A Seattle engineer’s inner artist blooms for Black Lives Matter

After painting the “I” in the city’s BLM street mural, Teddy “Stat” Phillips is using his artwork to call for defunding SPD.

Teddy "Stat" Phillips moved to Seattle from Austin, Texas, in 2018 and has quickly made a name for himself as an artist. (Dorothy Edwards/Crosscut)

The “Stat” in Teddy “Stat” Phillips’ moniker isn’t because he’s fast. It’s short for “Statcher,” his activist grandfather’s name, which the Seattle artist uses in homage. 

“My grandfather said you can stand by and be silent, or you can try to make a change for not only yourself, but for your children,” says Phillips. “If you love your kids — I don't have any, but I love them already — you want to do what's best for them. You want to try to make their world a little easier for them to live in.”

At the beginning of the Black Lives Matter protests this year, Phillips says he could hear people marching by his Capitol Hill apartment. After spending weeks in quarantine under the stay-at-home order, he decided it was time to join the fight.

Phillips was one of 16 local creatives who helped paint the phrase Black Lives Matter in vibrant patterns on East Pine Street. His letter was the “I,” which he chose to paint black, with tiny blobs of red, green, blue and yellow seeping in from the corners. Front and center of the monolithic “I” is his personal rallying cry: “For the Culture.”

The 31-year-old Microsoft engineer is inspired by his grandfather who was an activist during the Civil Rights Era. (Dorothy Edwards/Crosscut)

The words are a guiding principle for Phillips, 31. One playful way he has honored them is with a Black-centric trivia game app he created in 2017 (a personal project, called “For the Culture”). An engineer who works at Microsoft, Phillips released a sequel app in April for the Latinx community, titled “Para la Cultura.”

In the two years he’s lived in Seattle, Phillips has quickly connected with the city’s art scene.

Early this year, the artist started filling his Instagram page with glossy, pop-art portraits of celebrities such as Dave Chappelle, Kobe Bryant, Nipsey Hussle, and icons such as Martin Luther King Jr. and Frida Kahlo. When the pandemic hit, Phillips’ art featured masked nurses. After George Floyd’s death, Phillips portrayed victims of police brutality and protesters, which went viral. Shortly after, the opportunity to paint the “I” in the Black Lives Matter street mural arose. The popularity of his work has taken off to the point that it scored him a recent gig designing an armband in support of BLM for the Seattle Sounders FC.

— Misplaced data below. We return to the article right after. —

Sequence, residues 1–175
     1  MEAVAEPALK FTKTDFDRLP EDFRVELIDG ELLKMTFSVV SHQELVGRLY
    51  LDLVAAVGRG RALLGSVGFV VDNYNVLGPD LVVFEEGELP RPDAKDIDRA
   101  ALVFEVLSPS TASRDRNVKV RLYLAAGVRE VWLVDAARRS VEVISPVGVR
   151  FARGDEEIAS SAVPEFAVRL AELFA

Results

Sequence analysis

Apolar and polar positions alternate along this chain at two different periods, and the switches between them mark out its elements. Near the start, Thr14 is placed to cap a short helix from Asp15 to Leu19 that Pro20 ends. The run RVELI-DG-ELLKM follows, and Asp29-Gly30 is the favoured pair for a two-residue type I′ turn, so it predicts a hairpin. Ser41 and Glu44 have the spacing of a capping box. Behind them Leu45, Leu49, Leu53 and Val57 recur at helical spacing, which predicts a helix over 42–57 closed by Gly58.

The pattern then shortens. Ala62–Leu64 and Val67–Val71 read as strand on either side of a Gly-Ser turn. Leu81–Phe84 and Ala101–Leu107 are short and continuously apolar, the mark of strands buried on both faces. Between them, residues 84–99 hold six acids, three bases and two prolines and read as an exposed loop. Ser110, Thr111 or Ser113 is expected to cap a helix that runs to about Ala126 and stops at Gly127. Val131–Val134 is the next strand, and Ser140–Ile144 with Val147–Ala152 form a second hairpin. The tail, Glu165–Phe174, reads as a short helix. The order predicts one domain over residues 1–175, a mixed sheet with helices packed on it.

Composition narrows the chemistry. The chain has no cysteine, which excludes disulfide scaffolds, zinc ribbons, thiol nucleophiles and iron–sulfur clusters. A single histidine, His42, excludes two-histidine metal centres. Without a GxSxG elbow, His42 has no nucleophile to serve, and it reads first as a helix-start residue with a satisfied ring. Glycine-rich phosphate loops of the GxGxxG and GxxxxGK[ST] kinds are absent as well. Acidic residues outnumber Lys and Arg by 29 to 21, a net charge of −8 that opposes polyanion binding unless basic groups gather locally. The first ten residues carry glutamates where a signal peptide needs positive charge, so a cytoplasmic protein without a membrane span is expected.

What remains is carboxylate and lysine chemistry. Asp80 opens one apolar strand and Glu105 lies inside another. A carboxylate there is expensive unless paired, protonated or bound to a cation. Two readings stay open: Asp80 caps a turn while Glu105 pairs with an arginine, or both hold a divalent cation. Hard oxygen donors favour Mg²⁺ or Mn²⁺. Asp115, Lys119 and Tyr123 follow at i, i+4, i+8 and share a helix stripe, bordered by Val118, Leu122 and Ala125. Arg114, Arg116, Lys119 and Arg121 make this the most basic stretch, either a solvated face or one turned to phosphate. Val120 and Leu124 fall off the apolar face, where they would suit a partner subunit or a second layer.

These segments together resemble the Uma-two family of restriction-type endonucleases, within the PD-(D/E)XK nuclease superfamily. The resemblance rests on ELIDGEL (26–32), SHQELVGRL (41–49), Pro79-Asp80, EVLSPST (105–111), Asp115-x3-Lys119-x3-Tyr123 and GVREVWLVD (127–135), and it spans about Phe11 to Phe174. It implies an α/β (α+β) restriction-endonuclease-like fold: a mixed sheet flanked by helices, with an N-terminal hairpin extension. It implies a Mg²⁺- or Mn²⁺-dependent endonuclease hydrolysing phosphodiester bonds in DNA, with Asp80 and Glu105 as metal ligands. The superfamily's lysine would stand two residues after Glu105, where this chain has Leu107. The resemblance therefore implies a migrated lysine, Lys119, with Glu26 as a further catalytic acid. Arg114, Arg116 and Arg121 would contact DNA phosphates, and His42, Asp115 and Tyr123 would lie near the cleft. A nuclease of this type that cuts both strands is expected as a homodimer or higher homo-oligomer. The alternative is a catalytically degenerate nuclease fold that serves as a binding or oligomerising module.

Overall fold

Now, Phillips has released a series of three posters with Amplifier, the local nonprofit that creates visual campaigns for grassroots movements, from environmental efforts to social justice causes. The posters outline the three central demands of the local Black Lives Matter movement, and feature Black faces in front of lava-lamp blob backgrounds. In one, a person with dark blue dreads and baby hairs sports a gas mask with the phrase “DEFUND THE POLICE.” In another, a person wears a studded face mask above the words “FREE THE PROTESTORS.” And the third features a young Black woman in a cap and gown above the call to “INVEST IN COMMUNITY.”

The art posters Teddy "Stat" Phillips created for Amplifier are available for free download from Amplifier. (Teddy "Stat" Phillips/Amplifier)

Crosscut caught up with Phillips to talk about growing up in Montgomery, Alabama, how art and tech intersect and what it means to be “for the culture.”

This interview has been edited and condensed for clarity and length.

You grew up in Montgomery, Alabama. What was it like being a kid surrounded by the civil rights era legacy?

Growing up there, you kind of take it for granted. You see people come and try to see where the bus boycott was, Dexter Avenue. Martin Luther King, where he was preaching. You see it so much, it just falls to the background. You hear about history, how people fought for certain things, and you think that segregation really ended. But if you take a step back from just being in it, you understand there's a white side and there's a Black side of things. My mom knew all these things, but to protect me and to keep me positive and keep me focused, we never really had those conversations until I went to college.

Your artist name pays homage to your grandfather, Statcher. Can you tell me more about him?

He was the light of every circle. I was enamored by him in that way; people just knew him everywhere we went. He was also really serious about advancing his community and doing active protests when he was in college at South Carolina. He was saying, “Look, some things right now that you're going to stand up for aren’t going to be popular, but as they go on, the world is going to change.” He always felt the world was going to balance out and wrongs were going to be made right. He said: “You got to be focused on the future and building a better future. If you're not part of that then you're not only doing yourself a disservice.” It's something that I want to take and evolve in my life.